The article uses Soviet poet Iuliia Drunina's deeply personal and o en autobiographical poetry as a lens through which to view the woman veteran's experience, especially during the time of the state-promoted cult of World War II and the erosion of the cult during perestroika. Gender and World War II remain consistent themes in Drunina's poetry, but in her oeuvre, one finds an evolution in how the poet-veteran relates to the war. From 1942 on, Drunina consciously assumed the role of the voice for women soldiers, but as the war receded into the past and the number of veterans dwindled, Drunina began to write more frequently on behalf of veterans of both sexes. This article details numerous war and gender-related themes: gendered otherness during the war, demobilization, stereotypes of women soldiers, the sacred nature of the war, the duty to remember, front-line friendship, and the persistence of the war in veterans' lives.
The Woman Veteran in Iulia Drunina's Postwar Poetry
Adrienne M. Harris
Watching Politics of Race at the Ballpark
Thomas D. Bunting
Drawing on recent literature on political spectatorship, I show how sport, and baseball in particular, can both illuminate and shape American politics. Following the history of racial segregation and immigrant assimilation in baseball, one sees that it mirrors American race politics on the whole. I argue that Jackie Robinson and the desegregation of baseball changed both American politics and the horizons within which citizens think. Although it is tempting to focus on this positive and emergent moment, I argue that for the most part, looking at the history of race in baseball shows instead coded language that reinforces racial stereotypes. This example of baseball and race shows how powerful spectatorship can be in the democratic world. Spectatorship need not be passive but can be an important sphere of activity in democratic life.
Anger in Popular Hindi Cinema
The article advocates the importance of studying conceptual meaning and change in modern mass media and highlights the significance of conceptual intermediality. The article first analyzes anger in Hindi cinema as an audiovisual key concept within the framework of an Indian national ideology. It explores how anger and the Indian angry young man became popularized, politicized, and stereotyped by popular films and print media in India in the 1970s and 1980s. The article goes on to advocate for extending conceptual history beyond language on theoretical grounds and identifies two major obstacles in political iconography: the methodological subordination of visuals to language in the negotiation of meaning, and the distinction of emotion and reason by assigning them functionally to different sign systems.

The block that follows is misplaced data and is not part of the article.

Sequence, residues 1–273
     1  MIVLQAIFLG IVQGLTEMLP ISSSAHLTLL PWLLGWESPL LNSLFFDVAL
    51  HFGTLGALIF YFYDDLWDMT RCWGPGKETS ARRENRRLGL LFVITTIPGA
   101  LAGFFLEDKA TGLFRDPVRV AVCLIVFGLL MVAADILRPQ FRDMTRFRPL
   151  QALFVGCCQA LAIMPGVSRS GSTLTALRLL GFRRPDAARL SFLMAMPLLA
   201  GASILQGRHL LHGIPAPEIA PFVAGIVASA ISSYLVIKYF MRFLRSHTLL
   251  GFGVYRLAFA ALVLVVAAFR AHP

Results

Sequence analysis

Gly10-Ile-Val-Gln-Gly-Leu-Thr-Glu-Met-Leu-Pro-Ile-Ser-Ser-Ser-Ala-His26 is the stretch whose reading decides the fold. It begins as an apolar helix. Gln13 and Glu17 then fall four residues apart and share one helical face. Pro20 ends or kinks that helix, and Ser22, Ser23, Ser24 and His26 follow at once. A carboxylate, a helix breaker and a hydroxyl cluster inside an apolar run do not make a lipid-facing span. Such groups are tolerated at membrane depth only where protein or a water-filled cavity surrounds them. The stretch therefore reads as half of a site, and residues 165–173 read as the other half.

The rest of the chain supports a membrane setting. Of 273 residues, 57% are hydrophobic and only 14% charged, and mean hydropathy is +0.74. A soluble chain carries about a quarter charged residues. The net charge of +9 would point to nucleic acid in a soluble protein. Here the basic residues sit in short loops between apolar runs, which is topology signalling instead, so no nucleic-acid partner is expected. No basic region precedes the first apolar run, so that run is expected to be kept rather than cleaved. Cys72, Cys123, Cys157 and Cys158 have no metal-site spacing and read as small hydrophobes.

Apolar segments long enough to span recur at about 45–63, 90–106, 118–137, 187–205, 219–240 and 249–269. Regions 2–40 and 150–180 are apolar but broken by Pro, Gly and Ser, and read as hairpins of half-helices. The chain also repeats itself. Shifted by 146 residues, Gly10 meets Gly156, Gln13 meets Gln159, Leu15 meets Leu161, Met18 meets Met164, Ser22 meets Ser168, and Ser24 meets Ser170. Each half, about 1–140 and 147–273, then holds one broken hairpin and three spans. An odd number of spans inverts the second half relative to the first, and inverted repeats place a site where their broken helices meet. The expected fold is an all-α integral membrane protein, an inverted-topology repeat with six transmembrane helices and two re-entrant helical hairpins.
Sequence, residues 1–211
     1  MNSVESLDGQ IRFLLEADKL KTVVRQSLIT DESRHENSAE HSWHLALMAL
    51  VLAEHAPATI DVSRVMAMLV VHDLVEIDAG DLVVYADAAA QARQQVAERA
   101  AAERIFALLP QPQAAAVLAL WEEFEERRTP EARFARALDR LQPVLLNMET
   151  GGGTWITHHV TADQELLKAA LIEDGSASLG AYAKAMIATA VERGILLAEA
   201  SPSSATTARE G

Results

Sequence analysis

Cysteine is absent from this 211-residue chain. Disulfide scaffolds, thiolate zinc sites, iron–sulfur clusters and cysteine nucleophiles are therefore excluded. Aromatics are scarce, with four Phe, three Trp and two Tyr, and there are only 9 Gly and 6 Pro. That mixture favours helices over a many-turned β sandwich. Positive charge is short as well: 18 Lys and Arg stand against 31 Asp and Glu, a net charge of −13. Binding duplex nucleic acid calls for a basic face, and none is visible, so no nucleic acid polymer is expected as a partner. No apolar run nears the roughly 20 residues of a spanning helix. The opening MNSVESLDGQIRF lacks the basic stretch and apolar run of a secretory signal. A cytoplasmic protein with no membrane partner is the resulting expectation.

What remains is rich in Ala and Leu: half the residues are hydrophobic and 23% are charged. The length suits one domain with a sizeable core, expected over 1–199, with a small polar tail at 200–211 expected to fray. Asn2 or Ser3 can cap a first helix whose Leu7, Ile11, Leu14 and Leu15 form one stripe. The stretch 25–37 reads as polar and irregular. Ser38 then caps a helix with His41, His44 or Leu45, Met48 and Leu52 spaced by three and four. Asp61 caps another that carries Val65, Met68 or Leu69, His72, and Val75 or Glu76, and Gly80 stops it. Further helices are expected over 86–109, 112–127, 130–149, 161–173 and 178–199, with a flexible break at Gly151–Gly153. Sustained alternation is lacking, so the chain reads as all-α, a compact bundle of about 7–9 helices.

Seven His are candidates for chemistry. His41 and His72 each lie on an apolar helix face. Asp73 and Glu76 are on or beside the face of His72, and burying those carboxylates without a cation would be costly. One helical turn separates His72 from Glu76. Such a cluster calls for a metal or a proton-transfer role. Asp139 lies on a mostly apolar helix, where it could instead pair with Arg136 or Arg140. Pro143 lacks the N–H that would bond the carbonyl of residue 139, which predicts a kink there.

opposition: the types of behavior and the values and norms of the Other are incommensurable with “our” characteristics as group members. This opposition is often expressed in a stereotypical way. Such stereotypes about the Other are part of the inside view of
in which individual activists engaged in transnational encounters often disrupted mutual stereotypes rooted in geopolitical divides. Ghodsee's volume, instead, combines archival sources and ethnographic accounts (notably interviews with a handful of
Sharon A. Kowalsky
inspired her readers to re-evaluate their own stereotypes and ideas about cultural identity. Haleta shows how Yablonska created a unique genre in Ukrainian literature that situated her outside the established canon but allowed her to place gender at the
Challenging and Reassessing the Narrative
Rochelle Goldberg Ruthchild
countries and compare them with what existed before. Without an understanding of the structures underpinning or failing to underpin the economy in the postsocialist transition, Western observers in particular have fallen back on stereotypes, exceptionalizing
Marija Bulatović and Višnja Krstić
mora i tri okeana, Dimitrijević's experience of traveling as “a woman of her age” (50) sets the basis for her examination of customary beliefs and for questioning the stereotypes common in her own society, where the “older lot” dare not travel on their
Sophia Yablonska's Travelogues in the History of Modern Ukrainian Literature
discursively, and her previous education did not give her any of the necessary skills. As she began her travels from Europe in the direction of the East, Yablonska was partly exposed to the stereotypes and prejudices of an imperial perspective, but at the same
Ideals, Dreams, and Nightmares
Rochelle Goldberg Ruthchild
some gender stereotypes more easily than Polish women and men, who clung to more traditional notions of femininity. But while Lithuanian women were more able to engage in traditionally male types of physical labor, they would sometimes sacrifice the